Washington – The United States Helsinki Commission held a hearing today examining the status of human rights and democracy in Ukraine and the role of the United States in assisting Ukraine’s development as an independent, market-oriented democracy in the face of the current political crisis.
“Pervasive, high level corruption, the controversial conduct by authorities in the Gongadze investigation and ongoing human rights problems are raising legitimate questions about Ukraine’s commitment to democracy, human rights and the rule of law,” said Helsinki Commission Chairman Sen. Ben Nighthorse Campbell (R-CO). “I am especially troubled by the level of corruption in Ukraine, which has had such a debilitating impact on the people and which discourages valuable foreign investment, something that Ukraine badly needs to assist in its economic recovery. Left to fester, corruption will undermine Ukraine’s fledgling democracy and independence.”
“Ukraine’s promise for a better future has not yet been met,” said Helsinki Commission Co-Chairman Rep. Christopher H. Smith (R-NJ). “We know this all too well from the tape scandal, alleging the involvement of top officials in malfeasance. We know this from the Ukrainian authorities’ sometimes heavy-handed responses to the independent media and opposition. More recently, this promise for a better future was thwarted by forces reluctant to engage in the kinds of reforms that will truly break the ties with a gloomy, communist past. It was these forces who voted – ironically, on the fifteenth anniversary of the Chernobyl disaster – to dismiss popular reform-minded Prime Minister Yushchenko.”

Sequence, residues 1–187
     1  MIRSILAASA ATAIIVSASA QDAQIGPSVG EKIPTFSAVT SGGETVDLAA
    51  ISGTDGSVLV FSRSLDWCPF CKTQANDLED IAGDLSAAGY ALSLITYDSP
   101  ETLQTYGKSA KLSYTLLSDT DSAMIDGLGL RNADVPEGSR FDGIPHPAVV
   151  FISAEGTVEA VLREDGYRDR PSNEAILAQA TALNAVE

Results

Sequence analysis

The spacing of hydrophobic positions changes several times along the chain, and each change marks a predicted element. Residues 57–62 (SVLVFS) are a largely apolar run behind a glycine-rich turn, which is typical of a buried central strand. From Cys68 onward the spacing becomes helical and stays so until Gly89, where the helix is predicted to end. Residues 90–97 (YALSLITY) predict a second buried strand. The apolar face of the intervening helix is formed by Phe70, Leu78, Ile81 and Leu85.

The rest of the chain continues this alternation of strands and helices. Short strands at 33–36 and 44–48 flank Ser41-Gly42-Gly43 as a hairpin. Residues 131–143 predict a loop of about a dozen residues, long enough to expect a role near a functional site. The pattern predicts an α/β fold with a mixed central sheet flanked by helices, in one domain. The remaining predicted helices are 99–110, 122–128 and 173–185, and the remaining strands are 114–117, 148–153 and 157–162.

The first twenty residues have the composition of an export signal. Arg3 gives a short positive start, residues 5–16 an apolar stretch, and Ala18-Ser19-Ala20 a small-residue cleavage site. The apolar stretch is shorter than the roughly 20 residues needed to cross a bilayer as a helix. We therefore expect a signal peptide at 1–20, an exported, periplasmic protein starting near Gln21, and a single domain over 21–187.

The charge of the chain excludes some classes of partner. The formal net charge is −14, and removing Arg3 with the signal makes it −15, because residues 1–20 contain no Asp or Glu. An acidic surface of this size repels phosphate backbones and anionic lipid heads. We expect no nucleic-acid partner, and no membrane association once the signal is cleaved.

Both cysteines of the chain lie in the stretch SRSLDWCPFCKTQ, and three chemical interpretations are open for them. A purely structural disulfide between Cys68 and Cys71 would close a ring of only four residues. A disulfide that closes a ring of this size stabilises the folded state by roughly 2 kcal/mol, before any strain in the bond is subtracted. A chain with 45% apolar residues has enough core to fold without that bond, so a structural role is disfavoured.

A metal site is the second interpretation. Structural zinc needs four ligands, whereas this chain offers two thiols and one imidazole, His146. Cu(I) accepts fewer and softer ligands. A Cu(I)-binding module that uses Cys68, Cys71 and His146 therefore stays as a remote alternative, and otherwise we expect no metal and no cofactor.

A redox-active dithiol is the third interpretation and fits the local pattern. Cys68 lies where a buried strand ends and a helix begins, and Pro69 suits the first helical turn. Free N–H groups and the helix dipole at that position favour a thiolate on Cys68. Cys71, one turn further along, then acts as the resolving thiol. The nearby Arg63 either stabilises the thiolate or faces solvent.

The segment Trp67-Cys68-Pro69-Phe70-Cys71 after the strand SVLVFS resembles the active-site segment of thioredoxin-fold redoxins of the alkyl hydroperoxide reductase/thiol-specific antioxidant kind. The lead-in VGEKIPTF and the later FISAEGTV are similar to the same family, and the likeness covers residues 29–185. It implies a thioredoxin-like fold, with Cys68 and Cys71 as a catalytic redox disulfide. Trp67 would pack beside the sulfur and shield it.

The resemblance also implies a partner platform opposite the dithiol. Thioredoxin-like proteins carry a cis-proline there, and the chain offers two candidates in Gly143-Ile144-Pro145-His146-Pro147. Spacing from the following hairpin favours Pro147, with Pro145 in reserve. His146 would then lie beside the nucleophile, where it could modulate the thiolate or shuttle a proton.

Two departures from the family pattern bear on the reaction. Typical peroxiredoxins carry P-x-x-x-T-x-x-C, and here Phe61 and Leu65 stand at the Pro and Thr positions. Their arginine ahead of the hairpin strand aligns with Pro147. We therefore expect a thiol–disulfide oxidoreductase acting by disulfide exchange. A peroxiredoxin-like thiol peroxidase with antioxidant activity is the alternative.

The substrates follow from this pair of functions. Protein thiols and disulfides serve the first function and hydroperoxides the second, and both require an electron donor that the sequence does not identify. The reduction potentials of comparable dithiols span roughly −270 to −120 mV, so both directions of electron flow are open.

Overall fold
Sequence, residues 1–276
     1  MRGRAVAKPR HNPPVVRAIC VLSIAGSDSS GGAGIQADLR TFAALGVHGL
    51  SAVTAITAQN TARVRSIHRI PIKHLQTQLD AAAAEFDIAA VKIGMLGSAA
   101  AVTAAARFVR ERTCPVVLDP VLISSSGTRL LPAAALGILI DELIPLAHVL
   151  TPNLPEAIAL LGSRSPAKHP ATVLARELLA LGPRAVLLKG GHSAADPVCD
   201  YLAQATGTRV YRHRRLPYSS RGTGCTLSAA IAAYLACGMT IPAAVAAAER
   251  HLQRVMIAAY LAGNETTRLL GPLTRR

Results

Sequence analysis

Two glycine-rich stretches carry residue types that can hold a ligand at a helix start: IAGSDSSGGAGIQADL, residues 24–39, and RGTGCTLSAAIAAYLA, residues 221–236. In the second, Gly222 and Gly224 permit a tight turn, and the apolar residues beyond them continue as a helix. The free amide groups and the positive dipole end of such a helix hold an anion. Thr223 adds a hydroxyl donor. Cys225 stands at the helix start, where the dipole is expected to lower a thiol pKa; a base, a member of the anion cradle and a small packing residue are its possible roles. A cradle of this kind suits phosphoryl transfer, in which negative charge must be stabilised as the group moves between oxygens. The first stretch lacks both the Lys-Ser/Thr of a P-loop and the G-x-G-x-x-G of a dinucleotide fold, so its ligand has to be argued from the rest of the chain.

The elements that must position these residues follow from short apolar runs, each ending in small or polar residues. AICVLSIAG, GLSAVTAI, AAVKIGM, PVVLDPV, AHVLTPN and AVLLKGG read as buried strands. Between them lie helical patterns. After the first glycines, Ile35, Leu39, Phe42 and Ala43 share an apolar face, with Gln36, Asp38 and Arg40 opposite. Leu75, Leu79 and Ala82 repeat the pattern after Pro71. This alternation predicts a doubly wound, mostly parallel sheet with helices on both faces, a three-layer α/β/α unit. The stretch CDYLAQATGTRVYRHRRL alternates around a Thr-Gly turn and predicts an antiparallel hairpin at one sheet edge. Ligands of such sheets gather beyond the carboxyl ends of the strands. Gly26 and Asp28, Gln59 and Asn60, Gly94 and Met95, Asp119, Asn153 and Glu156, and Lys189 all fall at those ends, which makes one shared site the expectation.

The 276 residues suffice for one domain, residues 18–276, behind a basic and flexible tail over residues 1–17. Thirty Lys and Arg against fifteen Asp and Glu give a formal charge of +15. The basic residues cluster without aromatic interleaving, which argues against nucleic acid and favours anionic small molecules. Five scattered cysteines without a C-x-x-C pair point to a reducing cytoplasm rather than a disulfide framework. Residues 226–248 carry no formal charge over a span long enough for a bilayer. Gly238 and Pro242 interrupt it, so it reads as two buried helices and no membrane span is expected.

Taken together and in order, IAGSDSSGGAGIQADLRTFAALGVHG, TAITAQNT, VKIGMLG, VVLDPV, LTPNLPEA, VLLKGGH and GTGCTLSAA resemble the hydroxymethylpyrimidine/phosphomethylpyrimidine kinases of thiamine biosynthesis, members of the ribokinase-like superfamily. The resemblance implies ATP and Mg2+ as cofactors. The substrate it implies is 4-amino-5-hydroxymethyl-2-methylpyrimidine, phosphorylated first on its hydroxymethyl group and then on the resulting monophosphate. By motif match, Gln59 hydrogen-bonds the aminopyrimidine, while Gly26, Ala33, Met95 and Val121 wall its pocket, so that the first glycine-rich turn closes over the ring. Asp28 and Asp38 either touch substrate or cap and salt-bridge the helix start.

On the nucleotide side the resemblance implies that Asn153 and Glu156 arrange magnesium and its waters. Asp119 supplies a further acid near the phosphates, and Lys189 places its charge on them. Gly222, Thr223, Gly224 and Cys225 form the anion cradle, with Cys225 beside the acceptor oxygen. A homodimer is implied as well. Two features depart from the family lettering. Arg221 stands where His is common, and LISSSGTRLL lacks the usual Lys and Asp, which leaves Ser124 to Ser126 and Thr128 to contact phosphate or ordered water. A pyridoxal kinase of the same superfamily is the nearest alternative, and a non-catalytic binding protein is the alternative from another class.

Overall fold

“Given the importance of our relationship with Ukraine – and let there be no doubt that it is a very important relationship – the Commission has become increasingly concerned about the direction in which Ukraine appears to be heading,” Chairman Campbell added.
“Despite the forces hostile to reform, it is clear that the United States must not abandon Ukraine,” said Co-Chairman Smith. “Whether through political support or through concrete assistance to strengthen democracy, it is incumbent upon us to work with the Ukrainian people so that the promise for a better future for which so many sacrifices were made will – at long last – become a reality.”
“Almost a decade after achieving its centuries-old dream of independence, Ukraine is at a crossroads with respect to its democratic development as well as with its geopolitical orientation,” concluded Chairman Campbell. “Is Ukraine acting in a manner consistent with its declared desire to integrate with Europe or is it moving away from a pro-European orientation? And what are the consequences for Ukraine if it moves away from the West?”
Opening statements by Commissioners and witnesses are available on the Helsinki Commission web site.